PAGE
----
Following the MD-90 in the DC-9 family was the MD-95, which was renamed the Boeing 717-200 after McDonnell Douglas (successor to Douglas Aircraft Company) merged with Boeing in 1997. The main competitors of the MD-90 included the Airbus A320 and the Boeing 737-800.
- Basic variant with two V2500 engines and an EFIS cockpit.
- Increased Gross Weight version, one built.
- Extended Range (ER) version of MD-90-30, two built.
- MD-90-30T "Trunkliner"
- Variant of the MD-90-30 assembled by Shanghai Aviation Industrial Corporation in the People's Republic of China. Production was initially planned to be 40, later reduced to 20, with only two built in the end. To accommodate the heavy aircraft on unsuitable runways, a dual tandem landing gear with more tires to spread the weight of the aircraft was designed for the Trunkliner, but ultimately not used in the two aircraft produced. The COMAC ARJ21 is built using tooling retained by the Chinese after the end of the Chinese MD-90-30 program.
As of July 2015, a total of 71 MD-90 aircraft were in active service.
Incidents and accidents
- Notable accidents and incidents
- On August 24, 1999, a UNI Air MD-90 caught fire after a passenger's carry-on luggage containing gasoline was ignited by a motorcycle battery contained in another passenger's carry-on luggage. 28 people were injured as a result of the cabin fire. The aircraft was damaged beyond economic repair.
|Passengers||153 (2 class)
172 (1 class)
|Max Take-off Weight||156,000 lb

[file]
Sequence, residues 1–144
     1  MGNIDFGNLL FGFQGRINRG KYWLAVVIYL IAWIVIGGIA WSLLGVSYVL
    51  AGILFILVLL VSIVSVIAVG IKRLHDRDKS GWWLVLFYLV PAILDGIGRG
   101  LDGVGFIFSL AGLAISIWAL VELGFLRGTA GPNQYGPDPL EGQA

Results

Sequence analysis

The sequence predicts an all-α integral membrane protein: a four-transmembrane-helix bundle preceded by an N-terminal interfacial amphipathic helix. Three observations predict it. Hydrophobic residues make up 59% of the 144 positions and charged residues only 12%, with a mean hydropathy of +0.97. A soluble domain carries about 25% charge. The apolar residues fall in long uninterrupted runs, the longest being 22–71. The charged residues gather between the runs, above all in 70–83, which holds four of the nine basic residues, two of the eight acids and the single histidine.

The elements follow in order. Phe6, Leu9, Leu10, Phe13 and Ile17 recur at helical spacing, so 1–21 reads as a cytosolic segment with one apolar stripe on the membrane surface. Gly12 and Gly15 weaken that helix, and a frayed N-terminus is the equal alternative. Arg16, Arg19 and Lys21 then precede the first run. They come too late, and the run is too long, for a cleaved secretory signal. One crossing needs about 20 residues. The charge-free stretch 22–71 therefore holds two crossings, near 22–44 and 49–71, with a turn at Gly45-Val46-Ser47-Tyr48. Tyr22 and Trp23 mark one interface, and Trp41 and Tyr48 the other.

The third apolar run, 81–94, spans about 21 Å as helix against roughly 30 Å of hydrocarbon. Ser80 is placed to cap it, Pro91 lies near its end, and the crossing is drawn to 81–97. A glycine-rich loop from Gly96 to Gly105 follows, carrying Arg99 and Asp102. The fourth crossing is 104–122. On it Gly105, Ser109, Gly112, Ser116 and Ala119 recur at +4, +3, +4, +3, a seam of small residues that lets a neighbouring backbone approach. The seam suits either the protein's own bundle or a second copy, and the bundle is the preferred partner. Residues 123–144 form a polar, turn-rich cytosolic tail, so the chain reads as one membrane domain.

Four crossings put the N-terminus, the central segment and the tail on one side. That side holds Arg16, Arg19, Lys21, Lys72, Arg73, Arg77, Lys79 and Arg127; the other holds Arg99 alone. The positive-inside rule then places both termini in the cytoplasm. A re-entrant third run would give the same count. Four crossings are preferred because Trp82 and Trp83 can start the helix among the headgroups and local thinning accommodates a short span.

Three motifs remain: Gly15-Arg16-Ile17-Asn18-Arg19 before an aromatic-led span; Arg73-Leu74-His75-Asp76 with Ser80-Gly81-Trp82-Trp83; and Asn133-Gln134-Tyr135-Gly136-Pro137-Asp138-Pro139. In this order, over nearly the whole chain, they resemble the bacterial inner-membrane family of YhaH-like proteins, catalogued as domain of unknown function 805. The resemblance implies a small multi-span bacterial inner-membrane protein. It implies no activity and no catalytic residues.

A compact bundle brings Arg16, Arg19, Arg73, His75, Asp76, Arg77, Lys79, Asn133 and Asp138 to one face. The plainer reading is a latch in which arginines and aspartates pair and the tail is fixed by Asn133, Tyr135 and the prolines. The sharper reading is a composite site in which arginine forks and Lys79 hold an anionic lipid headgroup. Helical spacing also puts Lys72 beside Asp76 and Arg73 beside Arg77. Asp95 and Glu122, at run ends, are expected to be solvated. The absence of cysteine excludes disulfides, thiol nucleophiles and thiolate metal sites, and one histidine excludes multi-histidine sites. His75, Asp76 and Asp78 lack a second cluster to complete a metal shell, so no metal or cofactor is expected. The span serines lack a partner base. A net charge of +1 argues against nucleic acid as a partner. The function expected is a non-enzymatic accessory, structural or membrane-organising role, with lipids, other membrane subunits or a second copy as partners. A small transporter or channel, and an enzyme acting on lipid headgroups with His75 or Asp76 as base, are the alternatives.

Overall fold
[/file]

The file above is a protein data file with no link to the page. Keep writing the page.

|Take off run at MTOW||7450 ft (2,270 m)|
|Range||2,085 nmi (3,860 km)||2,172 nmi (4,023 km)
*2,389 nmi (4,424 km)
|Cruise Speed, typical||Mach 0.76 (504 mph, 811 km/h)|
|Length||152 ft 7 in
|Wing span||107 ft 10 in
|Height||30 ft 6 in
|Power plant (2 x)||IAE V2525-D5
25,000 lbf (111.21 kN)
Optional: IAE V2528-D5
28,000 lbf (124.55 kN)
- Related development
- Aircraft of comparable role, configuration and era
- Related lists
- "Boeing: Commercial - Orders & Deliveries". Boeing. Retrieved 27 July 2015.
- Norris, Guy and Wagner, Mark. Douglas Jetliners. MBI Publishing, 1999. ISBN 0-7603-0676-1.
- History - Chronology - 1977-1982. The Boeing Company. Retrieved 2007-12-14.
- Swanborough 1993, p.90.
- "Boeing: Commercial Airplanes - MD-90 Background". Archived from the original on 2013-02-16. Retrieved 16 July 2015.
- Shanghai Jiangwan Airfield. Global Security. Retrieved: 2008-12-09.
- "Boeing: Commercial Airplanes - MD-90 Technical Characteristics". Archived from the original on 2013-03-08. Retrieved 16 July 2015.
- MD-90 page, airliners.net. Retrieved 2008-12-08.
- Becher 2002, p. 105.
- Saudia Calls for Honeywell Flat Panel Cockpit Displays for New MD-90s. Honeywell. February 6, 1996. Retrieved: 2008-12-08.
- Becher 2002, pp. 102-105.
- Delta's 1997 Annual Report, Delta Air Lines. Retrieved 2008-12-08.
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- China Northern Airlines Receives First MD-90, McDonnell Douglas Corporation, July 26, 1996. Retrieved 2008-12-09.
- Becher 2002, p. 104.
- Bailey, J., "China: Boeing argues MDC lead". Flight International, May 1–7, 1991. Retrieved 2008-12-09.
- and http://web.archive.org/web/20090226201916/http://www.forecastinternational.com/archive/ac/af0100.doc Boeing MD-90/90 Forecast International. Retrieved 2008-12-09.
- Burchell, Bill. "Setting Up Support For Future Regional Jets". Aviation Week, October 13, 2010.
- "Aircraft and Fleet Lists - ch-aviation.com". Retrieved 12 March 2015.
- McDonnell Douglas MD-90 incidents. Aviation-Safety.net, August 4, 2010.
- McDonnell Douglas MD-90 Accident summary. Aviation-Safety.net, August 4, 2010.
- McDonnell Douglas MD-90 Accident Statistics. Aviation-Safety.net, August 4, 2010.
- MD-90 UNI Air accident on August 24, 1999. Aviation-Safety.net. Retrieved: August 9, 2010.
- MD-90 characteristics. Boeing
- MD-90 airport report. Boeing
- MD-90 specs. airliners.net
- Becher, Thomas. Douglas Twinjets, DC-9, MD-80, MD-90 and Boeing 717. The Crowood Press, 2002. ISBN 1-86126-446-1.
- Swanborough, Gordon. "A 'Ninety for the 'Nineties". Air International, August 1993, Vol 45 No 2. Stamford, UK:Key Publishing. pp. 90–95